Thursday, February 3, 2011

Fireplace Remodel #1 - How To Do Drywall Repair

This project is still in progress. I fit it in between getting the kids to school, making dinner, coaching volleyball, getting the kids to their practices, you know all the normal mom stuff. It started with a couch slip cover and morphed into fireplace demolition, dry wall repair, carpet removal, concrete floor painting, and new wall paint.

This is part one of the project, fireplace remodel.

This is our fireplace in our great room. Our great room is open to the kitchen and the dining room. We eat, do homework, watch TV, entertain, basically live in this room. I wanted to point this out because when you take on a project like this, you have to be ready to live in dust, destruction, and chaos, in our case, for several weeks. I did almost all the work myself. A one woman show takes longer than a construction crew. I did have some help. My dad taught me how to do the drywall, my mom helped me with the dust clean up, and my husband helped with furniture moving and cleaning. I'm still cleaning up concrete and wall board dust. I think the two hit it off and have started to multiply.

The Problem

I have never liked our fireplace and haven't known how to fix the problem? I had no idea when I picked my floor tile ten years ago when we moved into our tract home that the builder was going to use it as my fireplace surround too. Notice how large the tile is? See how the tile along the top is bigger than the bottom? It gives the fireplace the illusion of "falling" forward. The tile surround is so big that to build a mantle around the existing tile would be out of scale to the rest of the room. It would need to be an enormous mantel. I didn't want to spend money on something that wasn't going to look right. It took me ten years to fix it.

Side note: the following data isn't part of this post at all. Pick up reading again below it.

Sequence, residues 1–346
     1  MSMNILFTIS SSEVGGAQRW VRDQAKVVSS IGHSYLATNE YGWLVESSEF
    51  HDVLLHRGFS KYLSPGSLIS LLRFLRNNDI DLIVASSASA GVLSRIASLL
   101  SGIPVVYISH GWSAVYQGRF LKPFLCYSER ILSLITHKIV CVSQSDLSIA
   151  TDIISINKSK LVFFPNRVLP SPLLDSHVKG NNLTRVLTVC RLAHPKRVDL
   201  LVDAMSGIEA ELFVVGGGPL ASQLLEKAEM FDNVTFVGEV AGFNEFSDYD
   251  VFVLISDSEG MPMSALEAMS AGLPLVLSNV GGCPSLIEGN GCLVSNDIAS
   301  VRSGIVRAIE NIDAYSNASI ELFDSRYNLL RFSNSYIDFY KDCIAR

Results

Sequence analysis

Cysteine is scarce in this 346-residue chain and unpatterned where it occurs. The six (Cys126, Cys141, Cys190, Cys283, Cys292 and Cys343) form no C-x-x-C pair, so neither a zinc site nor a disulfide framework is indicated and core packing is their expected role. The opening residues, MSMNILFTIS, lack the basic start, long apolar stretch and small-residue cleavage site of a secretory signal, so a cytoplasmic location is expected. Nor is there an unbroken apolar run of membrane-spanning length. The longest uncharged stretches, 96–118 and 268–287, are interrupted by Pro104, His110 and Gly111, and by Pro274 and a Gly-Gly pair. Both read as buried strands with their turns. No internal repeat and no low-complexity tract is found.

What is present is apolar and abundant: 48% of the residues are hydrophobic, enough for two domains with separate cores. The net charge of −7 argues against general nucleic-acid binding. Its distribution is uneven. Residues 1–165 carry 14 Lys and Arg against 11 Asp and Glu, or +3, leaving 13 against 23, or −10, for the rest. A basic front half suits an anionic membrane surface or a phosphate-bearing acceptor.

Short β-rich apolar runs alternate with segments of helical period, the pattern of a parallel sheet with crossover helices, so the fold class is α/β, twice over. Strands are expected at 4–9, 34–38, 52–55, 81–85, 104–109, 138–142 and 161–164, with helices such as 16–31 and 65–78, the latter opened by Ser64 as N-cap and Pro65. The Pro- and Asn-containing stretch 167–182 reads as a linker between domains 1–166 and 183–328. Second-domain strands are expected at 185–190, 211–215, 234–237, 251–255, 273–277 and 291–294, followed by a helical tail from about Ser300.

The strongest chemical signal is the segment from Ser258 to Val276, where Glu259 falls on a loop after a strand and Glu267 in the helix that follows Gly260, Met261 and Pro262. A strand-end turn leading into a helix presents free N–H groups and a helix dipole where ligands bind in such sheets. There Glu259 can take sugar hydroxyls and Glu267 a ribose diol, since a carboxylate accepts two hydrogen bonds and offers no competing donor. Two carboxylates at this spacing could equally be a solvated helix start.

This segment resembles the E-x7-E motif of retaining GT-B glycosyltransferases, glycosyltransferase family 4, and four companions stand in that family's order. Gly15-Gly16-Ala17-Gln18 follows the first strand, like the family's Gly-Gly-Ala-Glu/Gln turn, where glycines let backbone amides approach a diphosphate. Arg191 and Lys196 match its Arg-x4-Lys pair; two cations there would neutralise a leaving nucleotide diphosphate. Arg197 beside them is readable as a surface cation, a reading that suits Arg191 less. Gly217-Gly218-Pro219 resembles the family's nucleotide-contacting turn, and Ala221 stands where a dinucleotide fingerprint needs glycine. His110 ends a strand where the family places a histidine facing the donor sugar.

The demolition

The room needed an update so I decided to paint. After clearing the room of most of the "stuff" I decided to tackle the wall of tile. I was hoping if I was really careful, I could get away from the project with just some small drywall patching. No such luck.

Me trying to be careful.

After about five minutes I realized the only way to get the tile off was with some serious muscle. I skipped the gym and did the "construction worker demolition workout." It could be a new fitness craze. I can't tell you how satisfying it is to demolish something. It's really fun to break things with a hammer! I was having so much fun, my daughter Casey wanted to give it a try. Notice the fashionable eye protection she's wearing. Wear gloves, eye protection, and a high neck shirt. I had to go change my top after this picture was taken because little shards of tile kept going down the front of my tank top, ouch!
Here's Casey taking a whack at it.

After the tile removal.

The dry wall was not patchable. We had a little too much fun with the hammer. With each peel of tile mastic, more drywall came off.

Sorry I was so engrossed in the project I didn't take pictures of the next step, but this is what you do. Take a ruler and an Exacto knife and score the existing wall where you want the drywall to be cut. If you don't do this the drywall paper will tear into the existing good drywall and you will need to patch more area. Carefully cut out the drywall. I have seen home improvement shows use a Sawzall to remove drywall. My dad helped cut it out by hand. He has a Sawzall, but he said we might ruin the wall studs. I'm glad I took his advice, it was really easy to cut it out. Remove all the old drywall screws. I don't have any electrical outlets or lights near my fireplace. If you do, be careful not to cut into any wiring.